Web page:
Both the Google Play Store and the Apple App Store were built on the backs of independent developers. The platform was wonderful! People could easily find exactly the apps they were looking for, and developers could finally reach out to niche markets. The pay for developers was reasonable, and the cost for users was much cheaper than traditional software. Life was great.
But not anymore. Let me share a couple experiences…
Over two years ago I released my second app to the Play Store, Funny Voice Changer. My first app, Palette Painter, had a really slow launch, after all it only supported Android 3.0 on launch day which had less than 1% of the market (though it supports 2.2+ now, and is still going strong). I expected the same slow response with Funny Voice Changer, so I clicked Publish and went on vacation. Boy was I wrong.
Funny Voice Changer exploded overnight. It was getting thousands of downloads a day. In fact, it was too many. I wasn’t ready for the barrage of ratings, the bugs it encountered, and the emotional roller coaster that ensued. I gave up on the app after just a couple of months, something I have regretted ever since.
I have since learned about the importance of iteration, and finally decided to fix those two apps, and remove that regret from my shoulders. Yesterday, I finally released the refreshed versions, Funny Voice Changer 2.0 and Scary Voice Changer 2.0.
So how is the launch going so far? Try a little experiment for me, go to the play store and search for Funny Voice Changer or better yet, use the name exactly Funny Voice Changer 2.0. Do you see it? If you don’t, that’s because it is ranked #124 for the first, and #88 for the second. That’s right you can’t even find your own apps by name anymore. Note: You will see my Voice Changers from 2.5 years ago in the 1st and 4th places. You won’t find my new voice changers.
You can’t even find your own apps by name anymore.
Perhaps this is a one time thing? (Well two technically, since there are two voice changers) But the same thing happened to me just a couple weeks ago. I released a fun Hidden Animals game. My son loves it, and I’m certain other kids would as well. But the day of the launch I couldn’t find it. Even searching by the exact name it didn’t show up at all, not in any page, in any search I tried. I have since tweaked the name and description a bit and have gotten it to show up at about the same 100th place on the search, but not exactly a searchable spot.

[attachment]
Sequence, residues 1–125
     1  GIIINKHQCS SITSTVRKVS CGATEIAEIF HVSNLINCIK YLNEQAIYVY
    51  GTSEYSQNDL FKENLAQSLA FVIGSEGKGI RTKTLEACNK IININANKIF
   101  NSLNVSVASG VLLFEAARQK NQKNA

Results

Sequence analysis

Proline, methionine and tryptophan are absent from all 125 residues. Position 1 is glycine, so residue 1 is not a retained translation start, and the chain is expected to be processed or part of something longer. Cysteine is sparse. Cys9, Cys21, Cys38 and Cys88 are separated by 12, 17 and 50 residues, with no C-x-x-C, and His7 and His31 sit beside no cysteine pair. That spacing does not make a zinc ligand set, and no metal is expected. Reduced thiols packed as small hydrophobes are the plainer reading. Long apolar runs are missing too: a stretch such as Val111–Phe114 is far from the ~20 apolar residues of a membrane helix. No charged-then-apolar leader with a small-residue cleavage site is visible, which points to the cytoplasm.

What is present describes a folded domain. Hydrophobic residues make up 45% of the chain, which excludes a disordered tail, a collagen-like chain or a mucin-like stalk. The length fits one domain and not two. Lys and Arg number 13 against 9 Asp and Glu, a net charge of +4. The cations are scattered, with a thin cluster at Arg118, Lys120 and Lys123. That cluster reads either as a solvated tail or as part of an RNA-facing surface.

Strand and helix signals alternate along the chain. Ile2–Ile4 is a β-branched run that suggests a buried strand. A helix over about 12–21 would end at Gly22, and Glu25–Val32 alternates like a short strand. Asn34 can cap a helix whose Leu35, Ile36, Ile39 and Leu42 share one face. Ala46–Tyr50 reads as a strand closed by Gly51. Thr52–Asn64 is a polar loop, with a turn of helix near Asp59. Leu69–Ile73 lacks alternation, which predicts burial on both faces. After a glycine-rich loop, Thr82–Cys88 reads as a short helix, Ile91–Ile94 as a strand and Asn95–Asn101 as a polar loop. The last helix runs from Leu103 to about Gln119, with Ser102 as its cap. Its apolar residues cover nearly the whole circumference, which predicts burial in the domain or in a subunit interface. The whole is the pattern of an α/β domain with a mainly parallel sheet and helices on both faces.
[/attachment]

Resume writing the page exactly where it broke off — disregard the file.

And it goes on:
So how are they ranking apps via search? Nobody knows. Which is probably for the best, otherwise people would game the system. It is obvious that the title and description don’t help as much as they once did. So perhaps there is a variety of good reasons they’ve done so, right? After all,the goal is to provide people with the best apps possible. So what factors could they be using to rank apps?
Here are a few ideas along with some comments:
– Ratings. This actually seems like a fairly reasonable way to organize apps. But I have my doubts that it actually has much of an effect. After all my previous Funny Voice Changer is ranked #1 and it has a miserable 3.3 star rating. But worse, even some 1-star apps are showing up higher than my new apps, and these are apps that people obviously don’t want.
– True intent. A user types in “Funny Voice Changer”, but is really interested in any voice recorder out there. This has a grain of salt to it, we don’t always know exactly what we are looking for. Though I believe people are generally pretty good at it… but if they are looking for a funny voice changer it doesn’t make much sense to show a face changer. That having been said, there are a *lot* of voice changers, so I do applaud Google for trying to parse it into something reasonable (assuming the results are reasonable).
– Number downloads. Once again it makes sense that if an app is downloaded a lot it must be loved. Though I do argue this should be weighted by how well people *liked* the app after they downloaded it. For instance, even though this app has 100,000 – 500,000 downloads, something tells me that if you download it, you won’t like it. This method of course helps either apps that have been in the store for a long time (regardless of worth), and developers with large pockets who can advertise to get a lot of downloads quickly.
– App awesomeness. I think this is a great metric, but how do you calculate this? The only way I can think would be how pleasing the screenshots, title, description, ect are. I would love to believe that they’re doing crunching on these to calculate an awesome score, but seeing apps like this and this make me believe they aren’t.
– App life – I’ve heard some people say that uninstalls have a huge impact on your ranking. That makes a fair bit of sense, and I hope it is something they are doing. On the other side of things, not all lifecycles are the same. While some apps like Facebook you may keep on for the long haul, there are apps that may be perfect for an occasion. Mine are great for sleepovers, others are great for weddings, and others for travel. But you still should be able to find those apps if you’re in the moment.
– External links/Google magic. This seems the most reasonable idea. But it also tends to benefit those with large pockets. Do you want lots of reviews of your app? Do you want press releases? Then open up your checkbook, because nothing is free. And that’s assuming your SEO efforts even pay off, it is very likely they won’t.
I don’t know how their ranking algorithm works. But it is clear to me that as an indie developer it is no longer worth it to invest my time into building creative apps for the Play Store.
I’d love to hear your experiences on deploying to the store. Has it been the same for you?